The young woman was banned from attending her father's funeral and was instead only granted a private viewing of his body.  

Queensland Health Department guidelines say the border will remain shut to NSW, ACT and Victoria unless the states go 28 days without community transmission.

Queensland's border madness: The heartbroken families

Mark Keans 

Mark Keans, from Brisbane, was diagnosed with inoperable brain and lung cancer in late July and the doctors believe he won't make it past Christmas.

Health authorities had initially said only one of Mr Keans' four Sydney-based children - all of whom are under the age of 13 - could cross the border to see him one last time.

Queensland Health did not at first respond to multiple requests for an exemption from the truck driver's family, but later told them they can drive into the state and pay for two weeks quarantine in a Brisbane hotel.

A fundraising page to pay for their quarantine has raised more than $200,000, including a $1,000 donation from Prime Minister Scott Morrison.

Mr Keans pictured with his children (L-R) Noah 13, Caitlyn 11, Caleb 11, and Isaac, 7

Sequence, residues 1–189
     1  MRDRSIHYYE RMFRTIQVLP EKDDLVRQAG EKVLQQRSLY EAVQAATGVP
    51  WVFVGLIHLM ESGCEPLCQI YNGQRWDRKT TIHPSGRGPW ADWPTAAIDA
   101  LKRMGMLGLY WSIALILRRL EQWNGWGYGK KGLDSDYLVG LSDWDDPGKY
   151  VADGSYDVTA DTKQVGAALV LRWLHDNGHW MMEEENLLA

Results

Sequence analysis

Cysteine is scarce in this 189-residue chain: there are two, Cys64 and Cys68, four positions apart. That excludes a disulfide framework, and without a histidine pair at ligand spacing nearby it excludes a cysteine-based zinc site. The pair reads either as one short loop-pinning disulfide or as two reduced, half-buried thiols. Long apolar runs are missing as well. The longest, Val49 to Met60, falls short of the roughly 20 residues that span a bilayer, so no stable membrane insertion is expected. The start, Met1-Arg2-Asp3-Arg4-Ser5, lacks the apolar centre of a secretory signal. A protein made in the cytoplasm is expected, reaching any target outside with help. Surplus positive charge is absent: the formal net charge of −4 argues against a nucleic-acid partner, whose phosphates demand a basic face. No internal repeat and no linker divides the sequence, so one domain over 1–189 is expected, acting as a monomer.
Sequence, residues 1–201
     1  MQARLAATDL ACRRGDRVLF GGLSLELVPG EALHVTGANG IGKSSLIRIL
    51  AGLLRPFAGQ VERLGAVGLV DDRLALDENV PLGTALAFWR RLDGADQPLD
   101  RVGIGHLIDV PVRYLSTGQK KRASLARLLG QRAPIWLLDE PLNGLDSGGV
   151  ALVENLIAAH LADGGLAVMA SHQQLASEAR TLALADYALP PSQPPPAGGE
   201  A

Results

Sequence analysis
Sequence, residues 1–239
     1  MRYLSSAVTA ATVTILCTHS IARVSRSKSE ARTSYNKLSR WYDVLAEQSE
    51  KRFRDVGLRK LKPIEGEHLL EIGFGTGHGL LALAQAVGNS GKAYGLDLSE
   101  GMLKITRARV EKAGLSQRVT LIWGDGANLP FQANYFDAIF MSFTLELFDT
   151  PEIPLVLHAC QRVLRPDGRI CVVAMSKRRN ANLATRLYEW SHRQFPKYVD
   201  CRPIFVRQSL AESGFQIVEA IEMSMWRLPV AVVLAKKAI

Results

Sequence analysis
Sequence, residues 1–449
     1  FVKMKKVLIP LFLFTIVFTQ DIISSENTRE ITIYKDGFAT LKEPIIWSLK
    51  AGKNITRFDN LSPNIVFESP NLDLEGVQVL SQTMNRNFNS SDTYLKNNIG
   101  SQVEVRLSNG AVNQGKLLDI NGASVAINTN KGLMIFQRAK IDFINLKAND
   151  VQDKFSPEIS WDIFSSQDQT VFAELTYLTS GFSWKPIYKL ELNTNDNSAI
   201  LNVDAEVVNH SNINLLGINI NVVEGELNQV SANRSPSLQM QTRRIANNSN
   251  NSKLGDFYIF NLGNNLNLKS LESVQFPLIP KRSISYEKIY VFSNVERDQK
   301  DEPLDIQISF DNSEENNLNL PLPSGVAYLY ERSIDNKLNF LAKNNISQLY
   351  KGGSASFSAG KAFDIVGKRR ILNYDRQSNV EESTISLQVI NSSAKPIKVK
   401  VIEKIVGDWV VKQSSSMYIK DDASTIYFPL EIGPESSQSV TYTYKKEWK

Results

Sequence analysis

Kimberley Brown 

Kimberley Brown and her husband Scott, from Ballina, in northern New South Wales, were told on August 12 that their unborn twins had developed twin to twin transfusion syndrome.

Mrs Brown needed urgent surgery but despite living just two hours away from Queensland's Mater Hospital doctors told her she would need to apply for a border exemption, which took too long.

She was flown 750km to Sydney but lost one of her twins. 

It came ten days after Premier Palaszczuk declared that Queensland hospitals are 'for our people'. 

Kimberley Brown and her husband Scott, from Ballina, in northern NSW, learned that they had lost their unborn baby after being forced to travel 750kms because of Queensland's border restrictions  

Jayne Brown

Jayne Brown, 60, spent two weeks confined to a tiny hotel room in Brisbane following her recent return from Sydney, where renowned neurosurgeon Dr Charlie Teo removed two large tumours on her brain. 

The grandmother-of-seven requested an exemption from hotel quarantine to self-isolate at home on the Sunshine Coast, but was rejected twice.

She blasted Queensland Premier Annastacia Palaszczuk, who allowed 400 AFL players and officials from coronavirus-riddled Victoria to enter the state and quarantine in a luxury hotel.

Jayne Brown described the decision to allow 400 AFL officials into Queensland as mindblowing

Sarah Caisip

Sarah Caisip, who lives in coronavirus-free Canberra, applied for an exemption last month to visit her sick father Bernard Prendergast in Brisbane - but it took 20 days to get approved and he died of liver cancer two days before her flight. 

The young nurse was banned from attending her father's funeral on Thursday because officials believed she is a Covid-19 risk even though the ACT has had no cases for 60 days. 

Ms Caisip was only granted a private viewing of her father's body, surrounded by guards and forbidden from seeing her shattered mother and 11-year-old sister. 

Sarah Caisip was only granted a private viewing of her father's body, surrounded by guards